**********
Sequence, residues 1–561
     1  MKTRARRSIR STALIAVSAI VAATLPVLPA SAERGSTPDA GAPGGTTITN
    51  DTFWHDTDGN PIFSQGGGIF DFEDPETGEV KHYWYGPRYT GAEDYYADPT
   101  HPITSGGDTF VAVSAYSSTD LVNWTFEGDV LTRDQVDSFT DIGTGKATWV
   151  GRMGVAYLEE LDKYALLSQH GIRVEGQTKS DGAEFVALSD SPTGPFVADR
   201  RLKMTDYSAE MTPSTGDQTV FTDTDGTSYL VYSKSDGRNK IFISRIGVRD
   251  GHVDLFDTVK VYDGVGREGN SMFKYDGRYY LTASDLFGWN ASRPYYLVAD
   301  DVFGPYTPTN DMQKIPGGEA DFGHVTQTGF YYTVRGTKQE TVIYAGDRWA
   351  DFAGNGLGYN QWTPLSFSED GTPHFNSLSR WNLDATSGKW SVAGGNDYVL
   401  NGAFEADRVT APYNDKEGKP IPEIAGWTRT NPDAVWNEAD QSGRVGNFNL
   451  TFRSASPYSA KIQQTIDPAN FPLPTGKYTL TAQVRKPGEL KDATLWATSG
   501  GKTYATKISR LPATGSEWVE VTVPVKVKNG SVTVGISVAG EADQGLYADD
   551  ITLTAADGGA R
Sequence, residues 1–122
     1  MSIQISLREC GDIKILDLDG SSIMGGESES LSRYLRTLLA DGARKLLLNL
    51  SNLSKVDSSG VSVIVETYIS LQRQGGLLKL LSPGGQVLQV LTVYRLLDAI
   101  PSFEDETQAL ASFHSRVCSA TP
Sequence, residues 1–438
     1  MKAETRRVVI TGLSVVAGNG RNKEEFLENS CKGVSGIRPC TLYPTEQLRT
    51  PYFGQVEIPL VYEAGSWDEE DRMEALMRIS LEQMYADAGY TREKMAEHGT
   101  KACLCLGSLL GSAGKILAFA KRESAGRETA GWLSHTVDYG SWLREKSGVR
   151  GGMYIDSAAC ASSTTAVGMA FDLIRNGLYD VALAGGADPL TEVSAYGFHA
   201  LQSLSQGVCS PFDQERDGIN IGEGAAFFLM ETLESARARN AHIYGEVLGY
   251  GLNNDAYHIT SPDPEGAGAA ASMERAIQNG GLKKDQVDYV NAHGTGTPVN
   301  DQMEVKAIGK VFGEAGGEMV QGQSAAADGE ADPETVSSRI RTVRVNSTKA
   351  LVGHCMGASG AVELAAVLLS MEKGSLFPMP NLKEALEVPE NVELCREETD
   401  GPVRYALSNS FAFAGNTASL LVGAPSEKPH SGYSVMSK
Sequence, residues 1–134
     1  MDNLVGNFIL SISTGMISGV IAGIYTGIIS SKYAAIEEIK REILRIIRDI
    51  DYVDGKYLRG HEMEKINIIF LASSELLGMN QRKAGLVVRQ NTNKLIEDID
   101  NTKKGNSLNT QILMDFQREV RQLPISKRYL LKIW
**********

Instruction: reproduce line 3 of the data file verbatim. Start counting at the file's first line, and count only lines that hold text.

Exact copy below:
    51  DTFWHDTDGN PIFSQGGGIF DFEDPETGEV KHYWYGPRYT GAEDYYADPT